Washington— Mark your calendars, America: Over-the-air analog TV is scheduled to die Feb. 17, 2009.
As a result of legislation passed by the House last Wednesday and sent to the White House, millions of analog TVs not connected to cable or satellite TV service will be useless after Feb. 17, 2009, unless owners acquire analog-to-digital converters for each one.
Stewart Wolpin, senior analyst at Points North Group, said that less than a quarter of all consumers knows that the digital transition is potentially fatal to their analog TVs.
“My biggest concern is that the American consumer does not yet know that their television may not work on Feb. 18, 2009,” Wolpin said.
Major cable operators are trying to make the transition a non-event for subscribers. Comcast Corp. and Time Warner Cable, for example, are starting to provide a digital simulcast of their analog services in an effort to allow subscribers to abandon their analog-TV sets on their own timetable.
Passage of the legislation sparked a debate between the National Cable & Telecommunications Association and the National Association of Broadcasters over cable-carriage rights of certain digital signals after the transition.
NCTA spokesman Brian Dietz last week maintained that if a DTV station elects mandatory carriage from a cable system, the operator is required to deliver the broadcaster’s signal to subscribers in digital form.
The cable system, he added in an important caveat, also has the discretion to transmit the same digital signal in analog from the headend without the station’s permission.
Cable-industry lawyers believe this is the case because federal law does not prohibit it, Dietz said.
“We don’t agree with that. We don’t concede that at all,” NAB spokesman Dennis Wharton said.
Cable systems, Wharton said, may not downconvert digital signals without permission. If cable wants to ensure that digital signals are viewable on subscribers’ analog TV sets, those operators can issue set-top boxes, he said.
The NAB has advocated dual must-carry — cable carriage in analog and digital — for many years. But the NAB’s idea of dual must-carry rights would apply to all stations that elect mandated carriage; the NCTA’s version would apply to only those digital television stations selected by cable systems after the 2009 transition.
Dietz suggested that the NAB’s stance against downconversion ran counter to TV stations’ interests. “It’s ironic that NAB is maintaining a viewpoint that will limit the reach of local must-carry broadcast signals after the digital transition occurs,” he said.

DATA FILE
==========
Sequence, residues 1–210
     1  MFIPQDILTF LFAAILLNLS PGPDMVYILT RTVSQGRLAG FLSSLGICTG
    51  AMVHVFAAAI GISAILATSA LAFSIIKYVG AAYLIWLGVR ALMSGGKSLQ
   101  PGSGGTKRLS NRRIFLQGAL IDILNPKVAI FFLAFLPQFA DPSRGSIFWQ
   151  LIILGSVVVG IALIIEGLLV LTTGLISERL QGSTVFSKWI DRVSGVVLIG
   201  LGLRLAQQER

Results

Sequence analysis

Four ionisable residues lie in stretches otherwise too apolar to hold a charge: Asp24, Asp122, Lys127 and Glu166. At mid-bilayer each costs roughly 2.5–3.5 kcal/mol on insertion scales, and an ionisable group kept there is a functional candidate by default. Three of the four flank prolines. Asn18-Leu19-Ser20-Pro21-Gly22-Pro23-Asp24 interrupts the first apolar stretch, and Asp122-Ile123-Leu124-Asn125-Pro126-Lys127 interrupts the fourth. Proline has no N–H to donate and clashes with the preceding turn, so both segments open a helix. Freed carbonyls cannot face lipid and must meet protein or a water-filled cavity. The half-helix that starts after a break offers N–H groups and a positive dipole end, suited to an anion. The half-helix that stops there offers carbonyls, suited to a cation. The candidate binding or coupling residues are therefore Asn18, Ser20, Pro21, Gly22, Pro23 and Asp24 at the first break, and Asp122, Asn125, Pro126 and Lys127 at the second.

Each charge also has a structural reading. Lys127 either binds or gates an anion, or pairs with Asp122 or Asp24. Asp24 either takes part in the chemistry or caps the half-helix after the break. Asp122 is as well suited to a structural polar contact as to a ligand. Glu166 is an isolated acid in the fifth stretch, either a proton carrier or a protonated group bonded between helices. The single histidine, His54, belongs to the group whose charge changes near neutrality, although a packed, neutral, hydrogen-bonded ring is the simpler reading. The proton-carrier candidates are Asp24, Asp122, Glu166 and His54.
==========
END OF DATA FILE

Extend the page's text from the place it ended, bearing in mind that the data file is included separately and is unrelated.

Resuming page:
Because direct-broadcast satellite was all-digital from inception, the Feb. 17, 2009, deadline will be a nonevent for DBS subscribers who have all of their analog TVs hooked up to one of the major carriers, DirecTV Inc. or EchoStar Communications Corp.’s Dish Network.
That also assumes DBS customers are subscribing to a local TV signal package, an optional purchase.
EchoStar and DirecTV are concerned, at least in the early years, about the impact on bandwidth of having to carry the high-definition programming of must-carry digital stations. The new law did not address this concern.
Cable and DBS homes with analog TVs that rely on antennas will need digital-to-analog converters if they don’t want to hook up those sets to a pay-TV service.
The NAB estimates that cable and DBS homes have 28 million unconnected analog sets.
Last year, the Government Accountability Office estimated that about 20 million U.S. TV households rely exclusively on free, over-the-air broadcasting. The NAB said those 20 million homes have about 45 million analog-TV sets that are scheduled to go dark in 2009 under the new legislation.
$1.5B FOR SET-TOPS
To address a potential consumer backlash, Congress included up to $1.5 billion to subsidize digital-to-analog converter boxes. House Democrats are concerned that the $1.5 billion will not meet demand.
The House approved the bill, 216-214, late last Wednesday afternoon. Because the Senate passed the same bill just before Christmas, the measure was sent to the White House for President Bush’s signature.
Bush is expected to sign the DTV measure because it was included in a budget package intended to save about $40 billion over the next five fiscal years.
After the transition, Congress is hoping to collect at least $10 billion from the auction of recovered analog-TV spectrum. Some of the airwaves will be given to police and fire squads around the country for improved wireless communications. The blue-ribbon panel that examined the Sept. 11, 2001, terrorist attacks recommended new spectrum for first responders.